A fascinating fact about Africa is that its length and width are almost the same distance. Its length, north to south and east to west, is about 4,660 feet.
This continent is home to around 12 percent of the world's population and is the second-largest land area.
There are an estimated 120-140 million people in Nigeria, making it Africa's most populous nation. This is the least populous nation globally, with just a little over 80,000 inhabitants.
There are roughly 3,000 ethnic groupings on the African continent, with around 370 of these tribes legally recognized in Nigeria alone. These pages include further information about African culture.
The African continent is home to more than 2,000 languages, each with a distinct dialect, and Arabic is the most frequently spoken.
The Equator divides Africa in half, north and south, traveling about 2,500 miles from west to east across the continent. It travels through a number of African countries, including the Democratic Republic of Congo, Somalia, Uganda, and Kenya.
According to fossil records, Africa seems to have been the first continent in which humans were discovered. According to scientists, fossil evidence suggests that humans first arrived on the African continent some 7 million years ago.
The world's longest river, the Nile, flows across Africa and reaches the ocean at a distance of 4,150 miles. Due to its route through various African nations, including Ethiopia, Sudan, Uganda, and Egypt.
The 19,340-foot-tall Mount Kilimanjaro is Africa's tallest peak. With 26,560 square miles, Lake Victoria is Africa's most significant body of water.
Located just off the continent's east coast, Madagascar is Africa's most significant island by landmass. It is about 1,000 miles long and 350 miles wide. This island is the fourth-largest on the globe.
The world's most incredible flora and animals may also be found in Africa. It is home to some of the world's most abundant fauna. Wildebeest, Some of the land's fastest creatures, such as the cheetah, gazelle, and lion, may be found here. Here, you may learn more about the creatures of Africa.
The mining industry in Africa is well-known, and it accounts for at least half of the world's diamonds and gold. There is still a significant amount of precious metals and gemstones produced in other nations.
The Blyde River Canyon, located in South Africa, is the world's third-biggest canyon and largest green canyon.
University of Karueein (Athens of Africa), established in 859 AD by Fatima al-Fihri near Fez, Morocco, is the oldest educational institution in the world that is still in operation today. Founded in 1088 in Italy, Bologna University is the oldest university in Europe.
A mature African elephant may weigh up to six tonnes and measure up to seven meters in length, making it the most significant land mammal. It is the tallest mammal in the world, the giraffe, with males reaching a height of up to six meters and females a height of four and a half meters
One of the tallest commercial bridge bungees globally, Bloukrans Bridge Bungy, soars 709 feet over the Bloukrans River. Bloukrans Bridge upon this N2 Highway in the Tsitsikamma region of South Africa's Garden Route is where you'll find it, marking the boundary between the Eastern and Western Capes.
Nigeria is Sub-Saharan Africa's most populous country (158.4 million people), accounting for 19% of the continent's total population.
According to nominal prices, South Africa's and Nigeria's GDP accounted for roughly half of the entire SSA GDP.
The GDP of the Southern African Development Community (SSA) increased by 5%. The fastest-growing countries were Chad (13 percent), Liberia (10 percent), Ethiopia (9.9 percent), and Zimbabwe (9 percent). At the same time, 26 of the 48 nations in the Southern Hemisphere had a growth rate of more than 5%.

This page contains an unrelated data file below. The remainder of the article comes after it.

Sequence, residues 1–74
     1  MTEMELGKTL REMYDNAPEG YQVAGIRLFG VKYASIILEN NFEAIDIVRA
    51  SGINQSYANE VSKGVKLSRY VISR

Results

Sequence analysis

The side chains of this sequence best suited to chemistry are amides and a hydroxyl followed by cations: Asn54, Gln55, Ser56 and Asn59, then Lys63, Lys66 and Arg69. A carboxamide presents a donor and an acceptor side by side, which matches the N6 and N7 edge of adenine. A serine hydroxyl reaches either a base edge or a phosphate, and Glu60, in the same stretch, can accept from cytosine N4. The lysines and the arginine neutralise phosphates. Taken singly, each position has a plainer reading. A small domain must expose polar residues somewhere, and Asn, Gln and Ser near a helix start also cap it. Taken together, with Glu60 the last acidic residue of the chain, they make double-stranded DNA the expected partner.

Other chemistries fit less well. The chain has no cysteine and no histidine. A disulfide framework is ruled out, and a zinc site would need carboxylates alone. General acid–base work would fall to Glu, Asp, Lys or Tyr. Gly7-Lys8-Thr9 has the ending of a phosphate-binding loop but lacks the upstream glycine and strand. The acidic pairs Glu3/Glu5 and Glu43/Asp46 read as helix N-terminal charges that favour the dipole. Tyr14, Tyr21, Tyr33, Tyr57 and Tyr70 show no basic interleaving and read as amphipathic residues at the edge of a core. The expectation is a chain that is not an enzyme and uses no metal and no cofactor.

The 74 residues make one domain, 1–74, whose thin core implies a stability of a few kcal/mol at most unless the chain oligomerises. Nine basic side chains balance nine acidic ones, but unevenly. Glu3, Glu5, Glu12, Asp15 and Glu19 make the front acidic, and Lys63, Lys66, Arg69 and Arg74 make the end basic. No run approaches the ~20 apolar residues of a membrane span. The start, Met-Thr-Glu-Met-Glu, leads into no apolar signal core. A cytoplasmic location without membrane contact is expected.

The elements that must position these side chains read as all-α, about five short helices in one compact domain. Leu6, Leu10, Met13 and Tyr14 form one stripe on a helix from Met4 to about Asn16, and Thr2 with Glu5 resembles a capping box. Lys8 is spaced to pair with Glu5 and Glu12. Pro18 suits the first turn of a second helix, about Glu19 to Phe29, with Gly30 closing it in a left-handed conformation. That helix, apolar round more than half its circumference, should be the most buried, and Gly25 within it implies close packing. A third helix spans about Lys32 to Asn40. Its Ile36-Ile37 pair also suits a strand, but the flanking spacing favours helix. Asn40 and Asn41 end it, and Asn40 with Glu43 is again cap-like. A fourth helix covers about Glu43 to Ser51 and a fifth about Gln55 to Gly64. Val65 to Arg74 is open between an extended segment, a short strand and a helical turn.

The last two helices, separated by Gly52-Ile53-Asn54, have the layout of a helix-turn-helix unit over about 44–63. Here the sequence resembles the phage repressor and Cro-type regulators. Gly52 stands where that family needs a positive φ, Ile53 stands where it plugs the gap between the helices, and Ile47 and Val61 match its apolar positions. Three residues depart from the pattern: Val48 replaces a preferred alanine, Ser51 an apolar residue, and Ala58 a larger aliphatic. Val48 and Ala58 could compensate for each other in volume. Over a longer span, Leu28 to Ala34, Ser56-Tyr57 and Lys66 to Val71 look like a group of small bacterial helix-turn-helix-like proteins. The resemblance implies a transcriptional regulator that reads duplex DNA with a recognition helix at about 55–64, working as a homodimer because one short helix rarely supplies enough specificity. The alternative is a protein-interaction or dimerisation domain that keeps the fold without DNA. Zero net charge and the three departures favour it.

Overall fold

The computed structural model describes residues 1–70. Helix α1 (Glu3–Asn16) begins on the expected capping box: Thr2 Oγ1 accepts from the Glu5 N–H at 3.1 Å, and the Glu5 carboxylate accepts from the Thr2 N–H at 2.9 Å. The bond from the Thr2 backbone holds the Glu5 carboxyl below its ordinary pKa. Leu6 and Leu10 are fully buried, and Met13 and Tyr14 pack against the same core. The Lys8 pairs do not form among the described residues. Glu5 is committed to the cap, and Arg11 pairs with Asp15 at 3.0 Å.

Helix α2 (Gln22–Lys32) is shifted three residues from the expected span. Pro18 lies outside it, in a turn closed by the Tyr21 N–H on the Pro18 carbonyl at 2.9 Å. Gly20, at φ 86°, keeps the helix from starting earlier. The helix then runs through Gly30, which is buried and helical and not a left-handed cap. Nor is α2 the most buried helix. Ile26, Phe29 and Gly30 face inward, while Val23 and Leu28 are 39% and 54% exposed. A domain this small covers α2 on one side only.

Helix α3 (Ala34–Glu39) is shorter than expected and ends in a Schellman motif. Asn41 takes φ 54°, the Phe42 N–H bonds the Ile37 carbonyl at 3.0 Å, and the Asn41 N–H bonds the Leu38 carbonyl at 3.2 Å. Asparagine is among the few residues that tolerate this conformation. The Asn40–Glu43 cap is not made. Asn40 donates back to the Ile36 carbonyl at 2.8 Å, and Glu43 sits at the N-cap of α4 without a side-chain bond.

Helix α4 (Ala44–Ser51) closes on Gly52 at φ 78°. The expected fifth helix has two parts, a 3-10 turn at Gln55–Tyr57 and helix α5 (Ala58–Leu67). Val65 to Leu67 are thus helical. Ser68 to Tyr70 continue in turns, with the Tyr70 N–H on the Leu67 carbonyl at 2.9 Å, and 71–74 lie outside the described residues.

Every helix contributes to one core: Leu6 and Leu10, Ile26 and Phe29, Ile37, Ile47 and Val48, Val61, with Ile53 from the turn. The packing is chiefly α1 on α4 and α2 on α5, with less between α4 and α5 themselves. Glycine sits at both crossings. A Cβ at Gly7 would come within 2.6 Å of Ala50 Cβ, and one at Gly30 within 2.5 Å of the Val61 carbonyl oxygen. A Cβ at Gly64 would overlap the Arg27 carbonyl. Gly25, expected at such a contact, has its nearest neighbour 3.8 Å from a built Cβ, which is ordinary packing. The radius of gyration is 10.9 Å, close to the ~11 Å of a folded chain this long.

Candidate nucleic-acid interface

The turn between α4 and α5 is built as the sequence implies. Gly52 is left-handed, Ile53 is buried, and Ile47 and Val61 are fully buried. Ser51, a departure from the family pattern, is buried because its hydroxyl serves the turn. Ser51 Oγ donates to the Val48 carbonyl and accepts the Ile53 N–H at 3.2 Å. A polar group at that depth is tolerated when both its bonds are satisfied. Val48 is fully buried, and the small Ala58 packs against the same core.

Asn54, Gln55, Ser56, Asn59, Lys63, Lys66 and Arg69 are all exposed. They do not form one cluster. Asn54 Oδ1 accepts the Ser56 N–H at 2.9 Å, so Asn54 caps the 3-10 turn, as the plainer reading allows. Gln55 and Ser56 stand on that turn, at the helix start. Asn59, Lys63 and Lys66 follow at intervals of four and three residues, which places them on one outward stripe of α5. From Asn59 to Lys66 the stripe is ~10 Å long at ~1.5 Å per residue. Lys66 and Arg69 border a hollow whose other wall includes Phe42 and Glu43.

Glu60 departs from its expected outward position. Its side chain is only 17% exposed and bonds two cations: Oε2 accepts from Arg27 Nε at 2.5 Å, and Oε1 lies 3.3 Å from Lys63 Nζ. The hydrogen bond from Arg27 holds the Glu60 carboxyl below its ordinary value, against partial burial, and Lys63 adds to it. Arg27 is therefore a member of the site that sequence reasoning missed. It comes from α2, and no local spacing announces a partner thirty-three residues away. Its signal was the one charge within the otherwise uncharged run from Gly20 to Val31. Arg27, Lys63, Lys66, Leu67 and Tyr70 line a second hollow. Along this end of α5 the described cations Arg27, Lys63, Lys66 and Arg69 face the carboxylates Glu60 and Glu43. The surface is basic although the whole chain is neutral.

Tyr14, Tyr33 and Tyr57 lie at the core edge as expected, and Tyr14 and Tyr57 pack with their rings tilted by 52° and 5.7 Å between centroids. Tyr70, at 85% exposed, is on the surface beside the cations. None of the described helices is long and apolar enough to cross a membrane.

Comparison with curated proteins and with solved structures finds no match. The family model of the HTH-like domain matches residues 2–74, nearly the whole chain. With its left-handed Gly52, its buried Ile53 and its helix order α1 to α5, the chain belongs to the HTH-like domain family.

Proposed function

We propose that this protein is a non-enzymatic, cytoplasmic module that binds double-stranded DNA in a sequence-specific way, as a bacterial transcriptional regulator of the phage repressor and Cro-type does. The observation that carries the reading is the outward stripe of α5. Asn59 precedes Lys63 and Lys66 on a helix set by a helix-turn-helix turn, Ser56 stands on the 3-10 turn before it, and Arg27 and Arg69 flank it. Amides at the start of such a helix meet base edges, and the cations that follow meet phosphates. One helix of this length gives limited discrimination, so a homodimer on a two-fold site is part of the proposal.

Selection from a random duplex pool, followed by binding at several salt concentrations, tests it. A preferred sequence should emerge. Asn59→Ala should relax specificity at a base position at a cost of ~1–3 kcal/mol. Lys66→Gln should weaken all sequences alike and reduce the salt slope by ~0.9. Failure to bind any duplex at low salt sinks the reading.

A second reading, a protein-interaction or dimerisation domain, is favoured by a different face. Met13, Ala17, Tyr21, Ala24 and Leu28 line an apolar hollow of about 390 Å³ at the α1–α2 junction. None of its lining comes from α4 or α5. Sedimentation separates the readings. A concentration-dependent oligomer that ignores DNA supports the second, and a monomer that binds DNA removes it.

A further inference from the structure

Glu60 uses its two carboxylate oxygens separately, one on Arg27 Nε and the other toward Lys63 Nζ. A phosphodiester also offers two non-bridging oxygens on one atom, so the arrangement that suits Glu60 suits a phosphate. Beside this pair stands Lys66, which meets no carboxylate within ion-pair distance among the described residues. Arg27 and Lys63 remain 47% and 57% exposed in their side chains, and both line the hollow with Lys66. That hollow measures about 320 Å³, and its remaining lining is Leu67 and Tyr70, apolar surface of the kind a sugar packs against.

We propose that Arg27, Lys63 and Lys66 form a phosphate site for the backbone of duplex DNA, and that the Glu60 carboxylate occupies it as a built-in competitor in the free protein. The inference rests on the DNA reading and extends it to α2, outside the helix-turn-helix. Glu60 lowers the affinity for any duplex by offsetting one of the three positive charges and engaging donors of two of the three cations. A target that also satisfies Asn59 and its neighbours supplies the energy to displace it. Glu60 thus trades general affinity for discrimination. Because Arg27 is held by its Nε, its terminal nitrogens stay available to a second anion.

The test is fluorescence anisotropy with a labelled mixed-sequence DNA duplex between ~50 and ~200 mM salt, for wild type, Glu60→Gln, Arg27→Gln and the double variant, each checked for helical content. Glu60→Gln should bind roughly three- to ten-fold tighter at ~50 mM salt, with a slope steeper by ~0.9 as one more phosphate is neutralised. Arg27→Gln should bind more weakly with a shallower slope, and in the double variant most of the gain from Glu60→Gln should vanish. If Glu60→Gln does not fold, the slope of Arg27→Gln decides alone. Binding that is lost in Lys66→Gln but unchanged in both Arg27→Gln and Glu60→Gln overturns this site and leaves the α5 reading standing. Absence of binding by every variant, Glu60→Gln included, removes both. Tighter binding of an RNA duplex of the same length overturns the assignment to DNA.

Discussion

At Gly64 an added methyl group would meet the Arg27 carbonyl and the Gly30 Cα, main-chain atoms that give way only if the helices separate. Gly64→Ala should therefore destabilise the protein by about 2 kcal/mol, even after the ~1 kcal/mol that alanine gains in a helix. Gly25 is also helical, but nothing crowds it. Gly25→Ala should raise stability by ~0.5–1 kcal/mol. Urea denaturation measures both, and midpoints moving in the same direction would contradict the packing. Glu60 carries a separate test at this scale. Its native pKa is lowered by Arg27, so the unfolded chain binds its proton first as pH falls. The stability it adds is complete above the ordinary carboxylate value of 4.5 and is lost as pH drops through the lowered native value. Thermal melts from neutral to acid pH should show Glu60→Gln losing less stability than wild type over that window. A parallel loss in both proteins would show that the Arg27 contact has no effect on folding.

Guinea Bissau ($244 million) has the lowest real GDP in sub-Saharan Africa (SSA) at $187 billion.
There is 76 times more GNI per capita in the wealthiest Sub-Saharan African nation (Equatorial Guinea) than in the lowest (Democratic Republic of Congo.).
PPP GNI per capita in Sub-Saharan Africa grew by 15% between 1990 and 1999 and 63% between 2000 and 2010 (from $1,176.3 to $1,357.2).
Both exports and imports increased in SSA in the last year. By contrast, imports climbed by 15% from $3.3 trillion in 2008 to $3.9 trillion in 2010, while exports increased by 25% from $300 billion to $375 billion.
Within the sub-Saharan African nations, one or two items account for at least 75 percent of total exports in 21 percent of these countries.
ODA recipients in Sub-Saharan Africa got 72 times more money from the most significant recipient than the weakest recipient. In terms of funding, the Democratic Republic of the Congo has received $3,543 million in aid, whereas So Tomé and Principe have received just $49 million in aid funding.
Agriculture value-added as a proportion of GDP was over 40% in Sierra Leone, Ethiopia, and Togo; in South Africa, it was only 2.5 percent.
At 4,532 kW/h, South Africa's per-person electricity use was the highest in 2009, while Ethiopia had the lowest (45 kW/h).
More women aged 15-24 are in Tanzania's workforce (81%) than Mauritania's (22%), which has the lowest. In Equatorial Guinea, 88 percent of the workforce is made up of males ages 15-24; Gabon has the lowest (27 percent ).
In 27 nations, the percentage of women participating in the workforce is greater than the average for the region (64.3 percent). Female involvement percentages are more significant in Burundi, Mozambique, Malawi, and Rwanda than males. Sudan and Mauritania rank worst and first, respectively, for women's political engagement (29 and 32, respectively).
When it came to carbon dioxide emissions, South Africa had 8.9 metric tonnes, whereas Burundi had just 0.02 metric tonnes per person in 2008.
Seychelles has 41 internet users for every 100 inhabitants, whereas the Democratic Republic of The Congo, Guinea, Ethiopia, and Niger have one internet user for every 100 people.
Swaziland had the highest rate of TB per 100,000 residents (1,287 per 100,000 people). Compared to the lowest estimate, this was 58.5 times more significant (Mauritius at 22 per 100,000 people).